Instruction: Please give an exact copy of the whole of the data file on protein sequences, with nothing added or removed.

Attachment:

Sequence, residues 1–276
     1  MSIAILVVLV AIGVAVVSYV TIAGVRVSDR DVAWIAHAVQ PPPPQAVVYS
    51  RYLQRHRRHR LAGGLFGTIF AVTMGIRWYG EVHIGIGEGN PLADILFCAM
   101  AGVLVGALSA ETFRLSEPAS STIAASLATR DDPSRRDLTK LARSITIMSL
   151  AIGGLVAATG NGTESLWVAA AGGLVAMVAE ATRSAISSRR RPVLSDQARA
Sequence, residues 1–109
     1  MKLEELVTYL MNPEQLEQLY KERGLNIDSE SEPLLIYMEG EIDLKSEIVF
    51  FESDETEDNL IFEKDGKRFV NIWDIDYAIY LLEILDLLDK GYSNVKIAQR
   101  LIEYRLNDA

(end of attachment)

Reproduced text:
Sequence, residues 1–276
     1  MSIAILVVLV AIGVAVVSYV TIAGVRVSDR DVAWIAHAVQ PPPPQAVVYS
    51  RYLQRHRRHR LAGGLFGTIF AVTMGIRWYG EVHIGIGEGN PLADILFCAM
   101  AGVLVGALSA ETFRLSEPAS STIAASLATR DDPSRRDLTK LARSITIMSL
   151  AIGGLVAATG NGTESLWVAA AGGLVAMVAE ATRSAISSRR RPVLSDQARA
Sequence, residues 1–109
     1  MKLEELVTYL MNPEQLEQLY KERGLNIDSE SEPLLIYMEG EIDLKSEIVF
    51  FESDETEDNL IFEKDGKRFV NIWDIDYAIY LLEILDLLDK GYSNVKIAQR
   101  LIEYRLNDA